Increasing the difficulty of the tandem Romberg test for patients is not helpful because it also makes the tests more difficult to perform for controls with no symptoms of vestibular disease. This would also make it harder to evaluate the test results. Decreased performance times on the modified Romberg is associated with a concomitant rise in the risk of falling[9][11][12]

Reliability and Validity[edit | edit source]

There is no consensus in the Reliability (Intra and inter) and validity for Romberg's in the literature as the test is more of qualitative rather than quantitative (Objective). However, this test can be used as a quick clinical tool to screen. The introduction of various instrument in the arena of balance assessment and the force platform usage has given the more objective and accurate measurement. 

Limitations [edit | edit source]

  • Not Quantitative
  • Low diagnostic sensitivity and specificity
  • Low power to determine lesions, predict the risk of falling and reflect the discomfort and ability to perform daily activities.[13] [14] 

References[edit | edit source]

  1. Healthline Romberg test Available: (accessed 6.11.2022)
  2. 2.0 2.1 Epomedicine Romberg test Available: (accessed 6.11.2022)
  3. Soochan Kim, Mijoo Kim, Nambom Kim, Sungmin Kim, Gyucheol Han.Quantification and Validity of Modified Romberg Tests Using Three-Axis Accelerometers.Green and Smart Technology with Sensor Applications. Communications in Computer and Information Science Volume 338, 2012, pp 254-261.
  4. Reicke, N.: The Romberg head-shake test within the scope of equilibrium diagnosis. H.N.O 40, 195–201 (1992)
  5. Blumenfeld, H. - Romberg test. (accessed 31 Dec 2013).
  6. Zelczak TA. Neurologic examination. (accessed 31 Dec 2013).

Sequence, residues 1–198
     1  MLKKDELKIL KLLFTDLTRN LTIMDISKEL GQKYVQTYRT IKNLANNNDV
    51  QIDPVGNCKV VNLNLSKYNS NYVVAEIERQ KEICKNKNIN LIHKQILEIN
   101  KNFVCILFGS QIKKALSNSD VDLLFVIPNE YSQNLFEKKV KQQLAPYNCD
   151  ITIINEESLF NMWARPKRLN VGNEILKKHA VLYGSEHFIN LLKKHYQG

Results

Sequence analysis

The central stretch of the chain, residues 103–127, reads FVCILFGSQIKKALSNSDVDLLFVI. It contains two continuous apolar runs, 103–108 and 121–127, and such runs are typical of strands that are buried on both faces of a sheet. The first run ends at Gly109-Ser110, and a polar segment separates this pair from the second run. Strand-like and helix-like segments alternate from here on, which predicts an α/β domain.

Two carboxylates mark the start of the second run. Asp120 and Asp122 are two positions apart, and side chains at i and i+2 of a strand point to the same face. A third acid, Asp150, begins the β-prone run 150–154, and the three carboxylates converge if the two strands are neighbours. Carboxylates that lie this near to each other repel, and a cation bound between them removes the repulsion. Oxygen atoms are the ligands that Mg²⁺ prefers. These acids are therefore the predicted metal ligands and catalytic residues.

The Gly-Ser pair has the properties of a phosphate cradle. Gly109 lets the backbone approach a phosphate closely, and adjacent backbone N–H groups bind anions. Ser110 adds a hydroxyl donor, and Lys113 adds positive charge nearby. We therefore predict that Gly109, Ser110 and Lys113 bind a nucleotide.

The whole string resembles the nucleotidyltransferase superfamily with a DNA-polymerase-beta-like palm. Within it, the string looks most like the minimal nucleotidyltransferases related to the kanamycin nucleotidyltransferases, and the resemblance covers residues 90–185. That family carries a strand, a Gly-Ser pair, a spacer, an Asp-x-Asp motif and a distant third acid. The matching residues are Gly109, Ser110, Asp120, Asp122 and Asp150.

7. 7.0 7.1 7.2 7.3 Goebel JA. Practical management of the dizzy patient. Philadelphia: Lippincott Williams & Wilkins, 2008.
  8. 8.0 8.1 Johnson BG, et al. The sharpened Romberg test for assessing ataxia in mild acute mountain sickness. Wilderness Environ Med. 2005 Summer;16(2):62-6.
  9. 9.0 9.1 9.2 Black FO, et al. Normal subject postural sway during the Romberg test. Am J Otolaryngol. 1982 Sep-Oct;3(5):309-18.
  10. Brinkman DMC, et al. Kwantificering en evaluatie van 5 neurologische evenwichtstests bij proefpersonen en patiënten. Ned Tijdschr Geneeskd. 1996;140:2176-80.
  11. Longridge NS. Clinical Romberg testing does not detect vestibular disease. Otol Neurotol. 2010 Jul;31(5):803-6.
  12. Agrawal Y. The modified Romberg balance test: normative data in US adults. Otol Neurotol, 2011 Oct,32(8):1309–1311.
  13. McMichael,K.A., Vander, B.J., Lavery, L., Rodriguez, E., Ganguli, M.: Simple balance and mobility tests can assess falls risk when cognition is impaired. Geriatr. Nurs. 29, 311–323 (2008)
  14. O’Neil, D.E., Gill-Body, K.M., Krebs, D.E.: Posturography changes do not predict functional performance changes. Am J. Otol. 19, 797–803 (1998)